What is Apologetics?

Apologetics may be simply defined as the defense of the Christian faith. The word “apologetics” derives from the Greek word apologia, which was originally used as a speech of defense or an answer given in reply. In ancient Athens it referred to a defense made in the courtroom as part of the normal judicial procedure. After the accusation, the defendant was allowed to refute the charges with a defense or reply (apologia). The word appears 17 times in noun or verb form in the New Testament, and both the noun (apologia) and verb form (apologeomai) can be translated “defense” or “vindication” in every case.

Monday, March 31, 2014

Apologetics Training on the Home Front

by Rob Lundberg

Introduction.

This posting is of a different nature from what I normally write about.* However this one has been on my heart and mind for quite some time. So this month I would like to share from the heart as a Dad, as the “bread winner” of our home, and as one of the many tent making $1 apologists that the Lord has placed in the marketplace of ideas.

Sunday, March 30, 2014

Responding to the Feelings Barrier for Determining Truth

Introduction.

Have you ever heard anyone make statements like the following: "I feel it is only right to (fill in a moral choice or issue)" "Something bad happened, it can't be true!"  This is the "Walt Disney method" for determining truth, where a person uses their feelings and emotions to create the foundation for one's reality.  In this posting, I want to address the real issue of the use of feelings and emotions as a means for determining truth.

Wednesday, March 26, 2014

Answering the Relativism Barrier to Truth

This posting is a continuation of subject matter that I have been training my daughter Christine in her homeschool apologetics curricula. In my last couple of postings, we have been looking at a couple of the different barriers that are put down by those who disagree with the starting points of absolute truth.

In this posting I want to give a short answer to the barrier of relativism coming from those how say that "truth is relative." Like the previous two objections where someone might say no one is able to discover truth, or the barrier of saying that we need to doubt everything this one is very easy to turn around and give a clear response to affirming the absolute nature of truth.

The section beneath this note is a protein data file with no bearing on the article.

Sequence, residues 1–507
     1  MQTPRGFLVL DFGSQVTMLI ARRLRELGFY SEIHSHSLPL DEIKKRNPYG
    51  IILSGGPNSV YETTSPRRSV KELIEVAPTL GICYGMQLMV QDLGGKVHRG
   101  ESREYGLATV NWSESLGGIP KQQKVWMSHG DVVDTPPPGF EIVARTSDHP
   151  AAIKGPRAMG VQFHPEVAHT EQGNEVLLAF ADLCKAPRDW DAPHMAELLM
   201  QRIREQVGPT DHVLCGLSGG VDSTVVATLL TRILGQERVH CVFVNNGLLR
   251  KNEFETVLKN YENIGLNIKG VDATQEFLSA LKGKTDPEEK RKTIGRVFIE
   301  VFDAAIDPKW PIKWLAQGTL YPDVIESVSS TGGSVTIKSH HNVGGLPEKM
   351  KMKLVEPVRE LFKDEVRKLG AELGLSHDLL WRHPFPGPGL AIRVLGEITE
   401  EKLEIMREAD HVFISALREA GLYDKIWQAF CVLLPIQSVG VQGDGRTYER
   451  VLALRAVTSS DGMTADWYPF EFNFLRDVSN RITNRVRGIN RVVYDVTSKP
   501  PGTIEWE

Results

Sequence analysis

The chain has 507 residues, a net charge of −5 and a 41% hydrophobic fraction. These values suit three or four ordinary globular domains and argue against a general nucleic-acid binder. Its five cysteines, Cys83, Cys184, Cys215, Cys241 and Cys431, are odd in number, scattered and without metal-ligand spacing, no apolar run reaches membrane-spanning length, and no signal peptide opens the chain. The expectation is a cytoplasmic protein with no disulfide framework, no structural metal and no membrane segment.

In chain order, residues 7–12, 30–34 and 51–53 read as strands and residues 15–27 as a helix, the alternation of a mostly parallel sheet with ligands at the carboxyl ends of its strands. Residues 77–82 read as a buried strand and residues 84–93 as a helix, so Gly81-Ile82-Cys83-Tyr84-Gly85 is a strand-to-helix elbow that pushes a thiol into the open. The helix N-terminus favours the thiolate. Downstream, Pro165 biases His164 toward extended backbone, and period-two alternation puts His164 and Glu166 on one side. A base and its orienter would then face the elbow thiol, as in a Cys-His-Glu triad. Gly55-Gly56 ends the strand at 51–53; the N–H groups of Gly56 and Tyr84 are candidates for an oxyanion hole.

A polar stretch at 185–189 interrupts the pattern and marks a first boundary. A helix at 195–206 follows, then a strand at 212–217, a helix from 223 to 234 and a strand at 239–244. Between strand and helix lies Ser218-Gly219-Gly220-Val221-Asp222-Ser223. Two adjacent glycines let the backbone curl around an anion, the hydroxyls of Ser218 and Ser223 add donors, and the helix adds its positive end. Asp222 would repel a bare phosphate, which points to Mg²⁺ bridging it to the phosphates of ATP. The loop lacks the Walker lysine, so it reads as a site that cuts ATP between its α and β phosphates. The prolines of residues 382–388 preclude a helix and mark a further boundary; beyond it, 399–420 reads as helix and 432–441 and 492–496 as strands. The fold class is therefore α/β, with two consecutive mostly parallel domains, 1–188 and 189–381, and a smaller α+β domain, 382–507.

Saturday, March 22, 2014

Doubt Everything! Should I doubt that too?

Continuing on in our series answering some of the objections coming against our belief in absolute truth. There is a second objection that some people throw down is rooted in "skepticism." That objection is "doubt everything that claims to be true."

This objection of being skeptical about everything is rooted and grounded in  philosophy of uncertainty. In fact it is not really all that new in that it has its roots began in ancient times before Christ. In a not so ancient time, like the eighteenth century, we would find a "champion" of this form of skepticism in the likes of David Hume (1711-1776).

David Hume was a Scottish philosopher who was one of the preeminent thinkers during the Enlightenment. Hume claimed that all knowledge of "mattes of fact" or any knowledge not grounded in meanings of terms, is based upon our senses. Within the discipline of religious thought, Hume became famous for his arguments that belief in miracles was irrational because the evidence of a past experience will always outweigh the testimony in favor of miracles.[1]

Thursday, March 20, 2014

No one can discover truth! Oh really?

One of the joys I have as a homeschool Dad, and as an apologist, is spending time training my daughter to respond to the objections people throw down using various books that we are studying. One book is a short little book by Norman Geisler and Joseph Holden entitled, Living Out Loud: Defending Your Faith. This book is a good primer for a discipleship setting for teaching an introductory to apologetics.

What prompted this posting and the next several postings has been our study in the book's chapter on, "What is Truth?" This is a foundational question that is always coming under the assault from the culture. In my time with my daughter, I have honed in on this fact that people still like to throw down objections to the definition of truth.

Sunday, March 2, 2014

What's Wrong with This Picture? When Churches Pitch Reason from Faith

Introduction.

This picture hit Facebook and caused a stir among many of us in the apologetics community. Some were face palming, others were just tweeting and commenting with UGH! There were even some questioning if this was for real, being suspicious that it was of a Photoshop picture. For me, I thought it would make a good blog posting of how some are helping along the conflict between faith and reason.

It is not my desire to further the viral nature of the picture. Nevertheless my intent is to address the message on the billboard (in the picture), and show how it could be an indicator for why a reasonable faith causes skittishness and is perhaps an unwelcome conversation in many churches across our land.